Slow shipping vessel speeds cause supply chain headachesThe steady rise in fuel prices recently has prompted container vessels to sail at their slowest speeds in at least two years as they endeavor to cut fuel costs; these cost-cutting measures, however, ultimately drive up freight rates and the shares of shipbuilders, while simultaneously hurting consumers.

There are roughly 4,660 carriers globally and in the month of December, they moved an average speed of 11.44 knots - down 7.4 percent from the year prior and the slowest average speed since data was first kept back in May 2008. While slowing the speed of the vessels saves money on fuel costs, it also cuts the availability of ships and ensures owners reap hefty profits.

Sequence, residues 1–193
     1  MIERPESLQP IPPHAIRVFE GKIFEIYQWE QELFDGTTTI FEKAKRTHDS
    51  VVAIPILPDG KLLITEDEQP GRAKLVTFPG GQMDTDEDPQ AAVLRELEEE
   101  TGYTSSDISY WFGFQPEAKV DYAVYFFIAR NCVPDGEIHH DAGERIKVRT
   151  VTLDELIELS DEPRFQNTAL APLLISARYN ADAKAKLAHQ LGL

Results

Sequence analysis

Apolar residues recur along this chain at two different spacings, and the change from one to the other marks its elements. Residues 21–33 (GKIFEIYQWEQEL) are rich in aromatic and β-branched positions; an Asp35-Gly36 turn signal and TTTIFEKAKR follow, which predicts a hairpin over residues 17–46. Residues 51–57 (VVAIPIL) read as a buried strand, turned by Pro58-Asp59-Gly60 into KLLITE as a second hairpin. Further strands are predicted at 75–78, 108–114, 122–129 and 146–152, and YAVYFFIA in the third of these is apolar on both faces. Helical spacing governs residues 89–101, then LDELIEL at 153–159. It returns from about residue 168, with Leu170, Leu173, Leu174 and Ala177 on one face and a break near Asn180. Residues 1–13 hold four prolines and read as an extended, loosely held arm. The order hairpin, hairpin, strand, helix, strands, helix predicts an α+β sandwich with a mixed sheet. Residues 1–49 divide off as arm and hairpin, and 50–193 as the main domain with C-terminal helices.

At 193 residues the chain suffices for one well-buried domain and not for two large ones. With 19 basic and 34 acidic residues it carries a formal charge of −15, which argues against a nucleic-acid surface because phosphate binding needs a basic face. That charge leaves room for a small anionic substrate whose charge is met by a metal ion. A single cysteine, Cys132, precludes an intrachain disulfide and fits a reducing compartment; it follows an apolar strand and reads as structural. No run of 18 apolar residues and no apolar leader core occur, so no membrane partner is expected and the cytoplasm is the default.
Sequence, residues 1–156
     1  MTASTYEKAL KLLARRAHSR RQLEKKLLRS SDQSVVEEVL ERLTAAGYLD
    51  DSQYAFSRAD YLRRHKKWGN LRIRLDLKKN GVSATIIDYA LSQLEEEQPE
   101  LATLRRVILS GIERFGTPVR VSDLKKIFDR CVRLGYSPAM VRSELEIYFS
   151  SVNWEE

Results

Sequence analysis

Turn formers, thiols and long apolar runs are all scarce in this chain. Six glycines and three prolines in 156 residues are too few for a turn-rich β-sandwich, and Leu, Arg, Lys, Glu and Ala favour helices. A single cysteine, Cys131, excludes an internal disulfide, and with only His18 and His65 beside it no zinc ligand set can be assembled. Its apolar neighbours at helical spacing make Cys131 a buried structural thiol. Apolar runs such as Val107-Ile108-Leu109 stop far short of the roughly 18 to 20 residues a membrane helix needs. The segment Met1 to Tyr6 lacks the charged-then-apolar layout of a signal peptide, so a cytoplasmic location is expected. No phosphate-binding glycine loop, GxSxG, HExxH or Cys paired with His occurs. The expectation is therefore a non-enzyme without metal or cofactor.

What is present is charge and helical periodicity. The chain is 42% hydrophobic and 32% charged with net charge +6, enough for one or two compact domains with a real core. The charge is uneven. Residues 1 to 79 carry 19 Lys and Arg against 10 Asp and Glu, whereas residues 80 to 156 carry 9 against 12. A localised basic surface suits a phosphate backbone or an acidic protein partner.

Moreover, the Hamburg Shipbrokers' Association reports that container costs increased by more than 100 percent over the last 12 months. According to experts, these slow rates could persist as oil is trading 16 percent higher than last year and the International Monetary Fund has forecast lower trade growth this year - both of which give owners little incentive to speed up.

In many instances, these slower vessels translate into goods reaching U.S. shores after they are scheduled to arrive. Unless economic variables start to realign, nonetheless, these slow shipping speeds could be the new normal for 2011. 
Share To:

Strategic Sourceror

Post A Comment:

0 comments so far,add yours